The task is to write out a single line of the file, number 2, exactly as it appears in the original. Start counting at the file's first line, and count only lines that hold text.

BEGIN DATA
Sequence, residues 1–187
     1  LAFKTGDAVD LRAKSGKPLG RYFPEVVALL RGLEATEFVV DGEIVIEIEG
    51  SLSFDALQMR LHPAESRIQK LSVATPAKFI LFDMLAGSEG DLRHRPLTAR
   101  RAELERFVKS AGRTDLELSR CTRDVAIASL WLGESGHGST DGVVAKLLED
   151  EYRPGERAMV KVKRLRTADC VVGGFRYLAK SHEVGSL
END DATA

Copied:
     1  LAFKTGDAVD LRAKSGKPLG RYFPEVVALL RGLEATEFVV DGEIVIEIEG